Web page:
soybeans

Weather Variability and Micro-Agronomy

Weather Variability and Micro-Agronomy

It is human nature to find ourselves wishing for a kind of weather other than what we are currently experiencing. Too hot, too cold, too wet, too dry….we all want to live in Camelot where it rains only at night, winter is forbidden till December, and spring starts precisely on the 21st of March. But while weather variability is inevitable, every farmer has two real interests in the weather: how it affects their own yields (Micro-Agronomy) and how it can affect their crop marketing decisions by impacting total U.S. harvest numbers (Macro-Agronomy).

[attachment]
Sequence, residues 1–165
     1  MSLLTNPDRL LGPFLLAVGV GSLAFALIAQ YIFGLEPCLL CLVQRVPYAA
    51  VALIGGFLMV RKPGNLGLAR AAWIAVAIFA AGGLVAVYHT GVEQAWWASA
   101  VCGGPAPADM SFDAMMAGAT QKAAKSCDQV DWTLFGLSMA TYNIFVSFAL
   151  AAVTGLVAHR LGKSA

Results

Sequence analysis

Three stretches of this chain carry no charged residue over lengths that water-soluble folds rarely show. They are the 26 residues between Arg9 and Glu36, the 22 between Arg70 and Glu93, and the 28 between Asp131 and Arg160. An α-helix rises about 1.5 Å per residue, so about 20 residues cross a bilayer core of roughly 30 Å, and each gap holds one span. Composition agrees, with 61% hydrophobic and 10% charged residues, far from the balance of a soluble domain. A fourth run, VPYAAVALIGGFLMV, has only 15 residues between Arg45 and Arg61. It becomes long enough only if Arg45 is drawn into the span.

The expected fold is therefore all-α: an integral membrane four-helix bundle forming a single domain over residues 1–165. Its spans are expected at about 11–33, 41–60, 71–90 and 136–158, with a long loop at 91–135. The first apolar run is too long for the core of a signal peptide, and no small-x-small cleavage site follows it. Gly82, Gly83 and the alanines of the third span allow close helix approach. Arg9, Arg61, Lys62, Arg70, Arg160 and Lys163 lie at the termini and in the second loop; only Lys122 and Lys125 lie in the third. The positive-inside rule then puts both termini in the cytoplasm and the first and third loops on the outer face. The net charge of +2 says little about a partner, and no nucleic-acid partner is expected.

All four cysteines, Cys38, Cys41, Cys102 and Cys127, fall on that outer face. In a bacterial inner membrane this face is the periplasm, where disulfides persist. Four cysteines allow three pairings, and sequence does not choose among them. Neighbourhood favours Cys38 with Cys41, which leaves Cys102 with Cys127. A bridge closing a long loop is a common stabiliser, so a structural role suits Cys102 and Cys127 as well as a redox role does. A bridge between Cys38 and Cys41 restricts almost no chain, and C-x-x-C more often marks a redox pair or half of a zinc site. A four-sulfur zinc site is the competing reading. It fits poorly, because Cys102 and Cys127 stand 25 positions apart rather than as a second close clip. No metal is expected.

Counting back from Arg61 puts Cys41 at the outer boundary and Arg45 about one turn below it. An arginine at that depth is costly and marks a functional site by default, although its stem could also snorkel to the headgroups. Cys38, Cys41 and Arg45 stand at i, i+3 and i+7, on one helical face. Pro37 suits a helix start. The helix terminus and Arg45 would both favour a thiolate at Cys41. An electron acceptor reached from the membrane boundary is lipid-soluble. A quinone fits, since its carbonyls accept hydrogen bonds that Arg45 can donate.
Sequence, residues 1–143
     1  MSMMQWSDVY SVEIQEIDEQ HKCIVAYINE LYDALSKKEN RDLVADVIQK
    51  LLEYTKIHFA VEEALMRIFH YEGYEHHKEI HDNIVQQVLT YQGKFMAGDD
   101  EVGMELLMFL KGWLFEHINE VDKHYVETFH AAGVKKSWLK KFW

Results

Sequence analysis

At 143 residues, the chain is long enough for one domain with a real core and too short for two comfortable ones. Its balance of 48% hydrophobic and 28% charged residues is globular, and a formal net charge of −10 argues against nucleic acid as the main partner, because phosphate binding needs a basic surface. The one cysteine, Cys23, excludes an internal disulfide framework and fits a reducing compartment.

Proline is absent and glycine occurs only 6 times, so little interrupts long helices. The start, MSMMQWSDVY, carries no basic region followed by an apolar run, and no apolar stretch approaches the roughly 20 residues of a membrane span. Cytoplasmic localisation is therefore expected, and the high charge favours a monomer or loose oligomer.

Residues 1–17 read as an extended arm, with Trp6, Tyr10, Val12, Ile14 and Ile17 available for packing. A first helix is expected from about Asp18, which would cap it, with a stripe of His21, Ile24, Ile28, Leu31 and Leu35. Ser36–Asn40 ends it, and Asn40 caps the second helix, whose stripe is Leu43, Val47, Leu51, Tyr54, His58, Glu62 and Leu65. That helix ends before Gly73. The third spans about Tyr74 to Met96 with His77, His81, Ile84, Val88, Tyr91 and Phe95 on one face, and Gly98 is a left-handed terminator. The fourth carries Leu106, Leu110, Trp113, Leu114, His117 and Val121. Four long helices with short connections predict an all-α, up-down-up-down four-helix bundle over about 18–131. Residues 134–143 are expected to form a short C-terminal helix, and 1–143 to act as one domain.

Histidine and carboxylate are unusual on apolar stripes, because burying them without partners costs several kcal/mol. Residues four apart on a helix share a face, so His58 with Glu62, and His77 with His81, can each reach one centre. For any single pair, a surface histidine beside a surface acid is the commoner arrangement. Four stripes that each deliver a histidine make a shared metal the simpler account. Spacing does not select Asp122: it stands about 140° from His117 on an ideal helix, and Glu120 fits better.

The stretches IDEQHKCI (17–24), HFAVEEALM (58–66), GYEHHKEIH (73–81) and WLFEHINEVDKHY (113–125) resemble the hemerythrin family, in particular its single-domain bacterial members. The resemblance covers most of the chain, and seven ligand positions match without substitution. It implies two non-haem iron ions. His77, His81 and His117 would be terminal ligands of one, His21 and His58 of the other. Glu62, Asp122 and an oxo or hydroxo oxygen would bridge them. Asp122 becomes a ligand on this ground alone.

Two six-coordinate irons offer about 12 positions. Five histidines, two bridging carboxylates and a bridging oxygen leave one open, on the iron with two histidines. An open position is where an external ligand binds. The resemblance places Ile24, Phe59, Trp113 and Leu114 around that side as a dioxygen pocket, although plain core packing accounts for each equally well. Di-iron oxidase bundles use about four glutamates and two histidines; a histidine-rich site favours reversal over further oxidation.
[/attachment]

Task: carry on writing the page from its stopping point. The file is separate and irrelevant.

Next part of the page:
While we all have some idea about how weather affects crops locally, it’s no longer enough to follow Growing Degree Days (GDD) and rainfall and assume we have done our part. In order to achieve ‘optimal’ response to nutrient applications, we have to know what’s happening in the soil, and how plants are responding to temperature, rainfall, humidity, and wind. In order to continue farming in a competitive environment growers need to know how they can take advantage of those changes in the weather.